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Full Online Book HomeLong StoriesThe Survivor - Chapter 2. A Strange Betrothal
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The Survivor - Chapter 2. A Strange Betrothal Post by :anitaandeverett Category :Long Stories Author :E. Phillips Oppenheim Date :May 2012 Read :1763

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The Survivor - Chapter 2. A Strange Betrothal

CHAPTER II. A STRANGE BETROTHAL

The room had all the chilly discomfort of the farmhouse parlour, unused, save on state occasions--a funereal gloom which no sunlight could pierce, a mustiness which savoured almost of the grave. One by one they obeyed the stern forefinger of Gideon Strong, and took their seats on comfortless chairs and the horse-hair sofa. First came John Magee, factor and agent to the Earl of Cumberland, a great man in the district, deacon of the chapel, slow and ponderous in his movements. A man of few words but much piety. After him, with some hesitation as became his lowlier station, came William Bull, six days in the week his master's shepherd and faithful servant, but on the seventh an elder of the chapel, a person of consequence and dignity. Then followed Joan and Cicely Strong together, sisters in the flesh, but as far apart in kin and the spirit as the poles of humanity themselves. And lastly, Douglas Guest. At the head of his shining mahogany table, with a huge Bible before him on which rested the knuckle of one clenched hand, stood Gideon Strong, the master of Feldwick Hall Farm. It was at his bidding that these people had come together; they waited now for him to speak. His was no common personality. Neat in his dress, precise though local, with a curious mixture of dialects in his speech, he was feared by every man in Feldwick, whether he stood over them labouring or prayed amongst them in the little chapel, where every Sunday he took the principal place. He was well set-up for all his unusual height and seventy years, with a face as hard as the ancient rocks which jutted from the Cumberland hillside, eyes as keen and grey and merciless as though every scrap of humanity which might ever have lain behind them had long since died out. Just he reckoned himself and just he may have been, but neither man nor woman nor child had ever heard a kindly word fall from his lips. Children ran indoors as he passed, women ceased their gossiping, men slunk away from a friendly talk as though ashamed. If ever at harvest or Christmas time the spirit of good fellowship warmed the hearts of these country folk and loosened their tongues the grim presence of Gideon Strong was sufficient to check their merriment and send them silently apart. He had been known to pray that sinners might meet with the punishment they deserved, both in this world and hereafter. Such was Gideon Strong.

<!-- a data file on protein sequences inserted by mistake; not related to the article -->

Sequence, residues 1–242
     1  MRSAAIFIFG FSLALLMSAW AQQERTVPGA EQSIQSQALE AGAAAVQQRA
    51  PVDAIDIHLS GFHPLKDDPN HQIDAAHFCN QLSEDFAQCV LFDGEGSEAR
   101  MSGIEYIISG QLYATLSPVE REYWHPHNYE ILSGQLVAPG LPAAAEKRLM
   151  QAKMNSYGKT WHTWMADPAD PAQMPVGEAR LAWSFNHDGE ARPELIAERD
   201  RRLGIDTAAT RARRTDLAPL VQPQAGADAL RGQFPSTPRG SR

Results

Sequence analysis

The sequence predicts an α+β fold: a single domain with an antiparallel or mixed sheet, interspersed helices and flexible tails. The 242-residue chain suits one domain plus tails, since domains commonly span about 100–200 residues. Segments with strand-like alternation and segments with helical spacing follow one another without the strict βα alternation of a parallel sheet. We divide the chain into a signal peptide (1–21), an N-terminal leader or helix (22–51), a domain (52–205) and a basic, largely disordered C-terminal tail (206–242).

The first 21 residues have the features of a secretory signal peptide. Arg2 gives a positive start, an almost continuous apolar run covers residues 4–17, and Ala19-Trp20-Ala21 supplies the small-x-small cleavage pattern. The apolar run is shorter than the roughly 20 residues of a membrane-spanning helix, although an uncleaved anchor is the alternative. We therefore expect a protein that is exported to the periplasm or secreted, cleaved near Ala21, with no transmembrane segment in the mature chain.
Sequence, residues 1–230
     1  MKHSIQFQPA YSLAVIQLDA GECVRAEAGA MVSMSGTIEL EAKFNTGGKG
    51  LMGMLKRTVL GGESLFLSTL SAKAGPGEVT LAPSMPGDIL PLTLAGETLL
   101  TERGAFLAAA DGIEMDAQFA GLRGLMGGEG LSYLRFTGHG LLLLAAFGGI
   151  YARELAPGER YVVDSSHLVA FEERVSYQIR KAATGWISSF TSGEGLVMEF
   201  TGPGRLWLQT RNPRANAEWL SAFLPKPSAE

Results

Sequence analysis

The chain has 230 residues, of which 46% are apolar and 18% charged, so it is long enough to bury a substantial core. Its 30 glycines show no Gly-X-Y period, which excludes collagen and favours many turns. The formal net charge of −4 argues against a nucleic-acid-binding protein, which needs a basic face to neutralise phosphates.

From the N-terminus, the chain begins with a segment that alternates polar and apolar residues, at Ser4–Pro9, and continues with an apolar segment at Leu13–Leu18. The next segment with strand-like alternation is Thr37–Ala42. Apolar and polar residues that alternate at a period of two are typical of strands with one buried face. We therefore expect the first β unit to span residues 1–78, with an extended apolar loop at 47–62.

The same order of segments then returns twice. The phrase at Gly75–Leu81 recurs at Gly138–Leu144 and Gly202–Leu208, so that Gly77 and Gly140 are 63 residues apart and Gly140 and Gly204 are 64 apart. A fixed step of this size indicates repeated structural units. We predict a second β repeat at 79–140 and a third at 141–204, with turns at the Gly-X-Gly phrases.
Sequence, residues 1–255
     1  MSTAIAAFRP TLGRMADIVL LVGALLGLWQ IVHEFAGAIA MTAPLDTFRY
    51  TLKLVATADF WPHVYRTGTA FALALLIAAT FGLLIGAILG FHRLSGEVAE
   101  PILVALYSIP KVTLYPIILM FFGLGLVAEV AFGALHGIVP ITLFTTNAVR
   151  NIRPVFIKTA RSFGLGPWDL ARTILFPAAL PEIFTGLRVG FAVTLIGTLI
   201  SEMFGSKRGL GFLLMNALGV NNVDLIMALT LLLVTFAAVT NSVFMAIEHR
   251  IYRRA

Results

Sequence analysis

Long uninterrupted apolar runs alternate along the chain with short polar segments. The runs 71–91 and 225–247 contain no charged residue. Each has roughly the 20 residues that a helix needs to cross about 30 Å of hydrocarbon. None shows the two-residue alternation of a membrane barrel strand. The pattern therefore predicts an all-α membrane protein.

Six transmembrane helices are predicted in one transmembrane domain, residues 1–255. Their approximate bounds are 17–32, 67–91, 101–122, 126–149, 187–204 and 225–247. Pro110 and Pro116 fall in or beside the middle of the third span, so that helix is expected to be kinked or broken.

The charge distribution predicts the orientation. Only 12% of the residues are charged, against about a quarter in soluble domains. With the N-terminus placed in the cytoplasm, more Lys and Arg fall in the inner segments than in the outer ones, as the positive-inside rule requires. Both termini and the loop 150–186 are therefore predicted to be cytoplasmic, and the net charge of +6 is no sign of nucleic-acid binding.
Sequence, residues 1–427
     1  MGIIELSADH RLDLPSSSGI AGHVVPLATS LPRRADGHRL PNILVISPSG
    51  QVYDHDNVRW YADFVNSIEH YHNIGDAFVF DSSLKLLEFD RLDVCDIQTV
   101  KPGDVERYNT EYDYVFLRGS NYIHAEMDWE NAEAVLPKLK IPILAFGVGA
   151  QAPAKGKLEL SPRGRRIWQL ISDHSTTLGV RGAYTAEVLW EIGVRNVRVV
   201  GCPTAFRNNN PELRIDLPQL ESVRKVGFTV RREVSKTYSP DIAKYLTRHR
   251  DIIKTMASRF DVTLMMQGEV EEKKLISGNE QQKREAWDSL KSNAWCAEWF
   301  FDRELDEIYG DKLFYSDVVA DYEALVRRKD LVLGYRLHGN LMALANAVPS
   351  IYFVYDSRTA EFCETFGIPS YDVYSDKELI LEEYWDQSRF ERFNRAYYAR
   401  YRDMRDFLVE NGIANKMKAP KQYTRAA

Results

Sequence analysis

He cleared his throat and spoke, addressing the young man who sat on the corner of the horse-hair sofa, where the shadows of the room were darkest.